While healthcare workers battle burnout, hospitals have been ramping up wages and other benefits to recruit and retain workers. It has created a culture of competition among health systems as well as travel agencies that offer considerably higher pay.
But other healthcare organizations are not hospitals’ only competitors. Some hospitals, particularly those in rural areas, are struggling to match rising employee pay among nonindustry employers such as Target and Walmart.
“We monitor and we’ve been looking and we ask around in the community and we can ask who’s paying what,” Troy Bruntz, CEO of Community Hospital in McCook, Neb., told Becker’s. “So we know where Walmart is on different things, and we’re OK. But if Walmart tried to match what Target’s doing, that would not be good.”
At Target, the hourly starting wage now ranges from $15-$24. The organization is making a $300 million investment total to boost wages and benefits, including health plans. Starting pay is dependent on the job, the market and local wage data, according to NPR.
Walmart raised the hourly wages for 565,000 workers in 2021 by at least $1 an hour, The New York Times reported. The company’s average hourly wage is $16.40, with the lowest being $12 and the highest being $17.
Meanwhile, Costco raised its minimum wage to $17 an hour, according to NPR. The federal minimum wage is $7.25.
Estimated employment for healthcare practitioners and technical occupations is 8.8 million, according to the latest data released March 31 by the U.S. Bureau of Labor Statistics. This includes nurse practitioners, physicians, registered nurses, physician assistants and respiratory therapists, among others.
In sales and related occupations, estimated employment is 13.3 million, according to the bureau. This includes retail salespersons, cashiers and first-line supervisors of retail salespersons, among others.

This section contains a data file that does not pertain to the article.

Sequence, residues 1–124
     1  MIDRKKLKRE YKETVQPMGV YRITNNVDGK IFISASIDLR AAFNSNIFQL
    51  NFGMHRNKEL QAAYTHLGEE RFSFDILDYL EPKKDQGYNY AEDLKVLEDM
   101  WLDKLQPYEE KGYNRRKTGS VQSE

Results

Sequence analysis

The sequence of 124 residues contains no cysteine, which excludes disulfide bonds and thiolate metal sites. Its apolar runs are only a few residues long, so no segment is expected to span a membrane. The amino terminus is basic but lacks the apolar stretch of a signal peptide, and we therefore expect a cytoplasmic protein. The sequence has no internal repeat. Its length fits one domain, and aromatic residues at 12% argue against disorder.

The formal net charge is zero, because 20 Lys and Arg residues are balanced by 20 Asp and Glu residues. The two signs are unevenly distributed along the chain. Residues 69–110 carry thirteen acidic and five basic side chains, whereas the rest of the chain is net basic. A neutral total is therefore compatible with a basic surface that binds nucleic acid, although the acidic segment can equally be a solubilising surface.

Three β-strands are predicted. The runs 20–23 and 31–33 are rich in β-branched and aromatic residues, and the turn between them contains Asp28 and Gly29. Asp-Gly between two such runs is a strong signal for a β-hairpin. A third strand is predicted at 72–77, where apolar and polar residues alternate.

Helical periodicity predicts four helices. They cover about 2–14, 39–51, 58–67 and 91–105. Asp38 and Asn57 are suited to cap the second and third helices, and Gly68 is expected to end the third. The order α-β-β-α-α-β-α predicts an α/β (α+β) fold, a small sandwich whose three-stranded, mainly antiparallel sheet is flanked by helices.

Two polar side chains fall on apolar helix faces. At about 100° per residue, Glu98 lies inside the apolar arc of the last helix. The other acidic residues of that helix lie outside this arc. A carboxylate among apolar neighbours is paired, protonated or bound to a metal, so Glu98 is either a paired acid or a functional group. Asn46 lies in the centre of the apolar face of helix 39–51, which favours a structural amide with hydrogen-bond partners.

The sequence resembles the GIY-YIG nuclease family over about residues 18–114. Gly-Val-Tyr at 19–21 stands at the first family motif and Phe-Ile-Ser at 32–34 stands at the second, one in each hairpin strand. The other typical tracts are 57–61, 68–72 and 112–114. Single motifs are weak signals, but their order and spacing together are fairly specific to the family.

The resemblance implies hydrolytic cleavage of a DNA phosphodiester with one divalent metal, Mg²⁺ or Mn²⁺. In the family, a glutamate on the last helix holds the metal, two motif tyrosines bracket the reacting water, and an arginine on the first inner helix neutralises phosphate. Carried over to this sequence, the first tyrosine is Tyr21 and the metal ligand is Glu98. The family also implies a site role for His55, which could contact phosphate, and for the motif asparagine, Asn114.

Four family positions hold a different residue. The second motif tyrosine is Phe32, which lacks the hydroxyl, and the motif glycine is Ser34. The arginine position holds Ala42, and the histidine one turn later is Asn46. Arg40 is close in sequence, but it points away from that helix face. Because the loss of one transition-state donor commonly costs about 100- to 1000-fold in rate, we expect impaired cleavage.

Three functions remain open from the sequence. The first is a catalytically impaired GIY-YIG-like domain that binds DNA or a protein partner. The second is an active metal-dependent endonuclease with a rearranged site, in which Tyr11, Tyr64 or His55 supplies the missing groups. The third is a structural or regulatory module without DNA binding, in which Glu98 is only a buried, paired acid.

While retail companies up their wages, at least one hospital CEO is monitoring the issue.
Healthcare leaders weigh their options
Mr. Bruntz said rising wages among retailers is an issue his organization monitors. Although Target does not have a store in McCook, there is a Walmart, where pay is increasing.
“I was quoted a few months ago saying Walmart was approaching $15 an hour, and we can handle that,” Mr. Bruntz said. “But when it gets to $20 or $25, it’s going to be an issue.”
He also said he cannot solely increase the wages of the people making less than $15 or less than $25 because he has to be fair in terms of wages for different types of roles.
Specifically, he said he is concerned about what matching rising wages at retailers would mean for labor expenses, which make up about half of the hospital’s cost structure.
“I double that half, that’s 25 percent more expenses instantly,” Mr. Bruntz said. “And how is that going to ratchet to a bottom line anything less than a massive negative number? So it’s a huge problem.”
Clinical positions are not the only ones hospitals and health systems are struggling to fill; they are encountering similar difficulties with technicians and food service workers. Regarding these roles, competition from industries outside healthcare is particularly challenging.